There are several types of Active Directory that you can set up - which one would I be looking for?

    I assume that with Active Directory, you need to have the Pro versions of Windows 7 or 8.... since the home versions (or Basic) won't log into a Domain. Is this the case?

    Thanks for your help and guidance!

  5. #5
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    You are correct about the Windows versions.
    Re-reading your post I think it might be better to use sync software to keep the laptops backed up to the server. This removes the need for AD and the overhead of maintaining it, not to mention the upgrade cost for software. You can easily set up individual users on the server to keep data separate and secure, and you could even load software on the server and grant access via RDP for remote access.

    cheers, Paul

  6. #6
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    Thanks Paul...
    I have been investigating a couple of options to do this. Some appear OK, whilst others are really expensive for what you need to do! I have been using a system of trying to setup FTP server with an FTP sync programme called FTPSynchroniser (which works like a bomb - and is effective), however it does not easily sync between devices across the LAN - everything revolves around the server. RDP is cool, and allows you to use the server like you would a local machine, but is not that secure or reliable for transfers of data.

    AeroFS - free for 3 users, and syncs automatically. Seems OK, and no limit to the data volume. Only problem is the original setup - it has to copy the data itself! A problem with say 500Gb of data over a 2Mb ADSL line! Replicates between Servers, and is apparently securely transferred.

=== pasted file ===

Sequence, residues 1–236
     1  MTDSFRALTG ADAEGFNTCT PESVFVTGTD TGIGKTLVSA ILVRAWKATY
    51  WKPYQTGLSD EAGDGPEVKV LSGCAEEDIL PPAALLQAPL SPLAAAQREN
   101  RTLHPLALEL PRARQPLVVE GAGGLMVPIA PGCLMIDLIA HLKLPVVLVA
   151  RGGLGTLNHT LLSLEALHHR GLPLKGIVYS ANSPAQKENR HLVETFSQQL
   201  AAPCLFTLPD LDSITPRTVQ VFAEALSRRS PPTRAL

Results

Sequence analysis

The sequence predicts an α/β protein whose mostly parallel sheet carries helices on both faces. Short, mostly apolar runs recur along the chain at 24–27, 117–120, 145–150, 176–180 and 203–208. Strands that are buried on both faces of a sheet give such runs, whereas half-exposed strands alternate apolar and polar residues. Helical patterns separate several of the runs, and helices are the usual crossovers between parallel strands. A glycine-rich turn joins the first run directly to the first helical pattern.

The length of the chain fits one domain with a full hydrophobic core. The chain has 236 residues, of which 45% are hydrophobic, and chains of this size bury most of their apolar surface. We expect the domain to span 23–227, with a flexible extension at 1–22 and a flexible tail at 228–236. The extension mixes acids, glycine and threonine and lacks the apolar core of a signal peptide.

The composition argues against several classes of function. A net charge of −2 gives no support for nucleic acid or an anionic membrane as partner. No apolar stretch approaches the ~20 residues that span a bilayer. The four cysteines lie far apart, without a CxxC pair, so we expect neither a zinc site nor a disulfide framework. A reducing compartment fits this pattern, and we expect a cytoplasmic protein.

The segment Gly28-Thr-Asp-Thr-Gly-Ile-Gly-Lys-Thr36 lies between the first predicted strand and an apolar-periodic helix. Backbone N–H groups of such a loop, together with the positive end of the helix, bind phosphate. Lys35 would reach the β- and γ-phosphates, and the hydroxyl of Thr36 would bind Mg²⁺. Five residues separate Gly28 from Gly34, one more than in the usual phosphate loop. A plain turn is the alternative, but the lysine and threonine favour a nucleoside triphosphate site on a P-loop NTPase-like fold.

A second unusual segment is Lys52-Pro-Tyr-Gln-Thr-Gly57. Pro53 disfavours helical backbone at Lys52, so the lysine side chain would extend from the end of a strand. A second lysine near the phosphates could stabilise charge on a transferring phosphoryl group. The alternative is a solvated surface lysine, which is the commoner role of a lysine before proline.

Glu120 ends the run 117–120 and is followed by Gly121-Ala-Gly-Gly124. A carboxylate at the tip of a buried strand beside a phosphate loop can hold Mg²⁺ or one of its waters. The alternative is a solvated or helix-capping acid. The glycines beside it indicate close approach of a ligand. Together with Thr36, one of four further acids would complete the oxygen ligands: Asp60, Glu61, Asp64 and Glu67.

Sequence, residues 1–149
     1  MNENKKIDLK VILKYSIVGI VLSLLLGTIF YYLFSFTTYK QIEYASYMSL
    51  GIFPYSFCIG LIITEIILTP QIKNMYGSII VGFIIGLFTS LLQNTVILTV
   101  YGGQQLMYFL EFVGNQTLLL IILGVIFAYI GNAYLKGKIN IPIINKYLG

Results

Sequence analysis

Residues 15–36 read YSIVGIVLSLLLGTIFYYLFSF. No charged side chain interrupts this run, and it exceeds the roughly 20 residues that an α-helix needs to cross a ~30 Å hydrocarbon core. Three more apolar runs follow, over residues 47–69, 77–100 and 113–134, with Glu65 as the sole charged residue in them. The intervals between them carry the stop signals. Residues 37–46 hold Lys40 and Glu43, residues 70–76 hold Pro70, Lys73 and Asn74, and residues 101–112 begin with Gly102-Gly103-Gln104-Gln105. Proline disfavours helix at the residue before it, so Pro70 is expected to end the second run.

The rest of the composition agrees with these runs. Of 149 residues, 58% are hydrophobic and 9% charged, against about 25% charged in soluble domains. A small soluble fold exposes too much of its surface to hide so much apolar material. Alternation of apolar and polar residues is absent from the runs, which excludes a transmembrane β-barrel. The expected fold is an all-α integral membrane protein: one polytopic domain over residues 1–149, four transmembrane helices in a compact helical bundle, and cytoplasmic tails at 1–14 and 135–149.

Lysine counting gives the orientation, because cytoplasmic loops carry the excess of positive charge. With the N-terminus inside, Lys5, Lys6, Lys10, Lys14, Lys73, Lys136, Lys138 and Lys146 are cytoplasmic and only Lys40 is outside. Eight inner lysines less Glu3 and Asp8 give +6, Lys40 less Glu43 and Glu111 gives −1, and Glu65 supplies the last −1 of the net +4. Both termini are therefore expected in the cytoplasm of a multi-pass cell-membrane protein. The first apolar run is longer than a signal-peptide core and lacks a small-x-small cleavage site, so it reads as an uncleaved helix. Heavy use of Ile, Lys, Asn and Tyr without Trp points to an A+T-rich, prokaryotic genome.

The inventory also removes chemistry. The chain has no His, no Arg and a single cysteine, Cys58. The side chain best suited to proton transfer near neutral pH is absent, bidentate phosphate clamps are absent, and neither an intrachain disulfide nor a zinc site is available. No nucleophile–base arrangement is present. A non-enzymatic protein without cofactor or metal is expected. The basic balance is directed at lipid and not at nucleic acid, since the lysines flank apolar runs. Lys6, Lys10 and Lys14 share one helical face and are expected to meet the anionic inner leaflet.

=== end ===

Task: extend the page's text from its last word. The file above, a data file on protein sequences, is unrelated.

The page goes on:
OwnCloud - free system! Appears to be an excellent option that will give everything that is needed. This is my next setup - now just need to sort out where that will be hosted. Unfortunately it does not replicate itself - one server to suck up all your data, with no option of a second one to replicate to. Transfers can be secured if there is a certificate.... https://

    I looked at services like Sugarsync and Dropbox and GoogleDrive and OneDrive - all are good marketing systems, because they offer you a little bit of data storage free, and still don't guarantee that they will be around - like TrueCrypt! I won't put all my data into an opensource cloud because I won't allow all my data simply to be turned off by someone I don't even know! (hence - AeroFS being out of the loop since they keep your login details, which will be needed to decrypt the data you store!)

    My ideal solution would be OwnCloud setup with the secure file transfers of AeroFS and the replication between OwnCloud Servers set up as easily as that setup by AeroFS. And most importantly to be able to recognise data that is already there before syncing everything all over again!

  7. #7
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    RDP is very secure, but it's not really meant for data transfer.

    I'd do the initial sync when the laptops are in the office, after that sync should be quick.
    OwnCloud seems OK and SSL certificates are cheap / free.

    cheers, Paul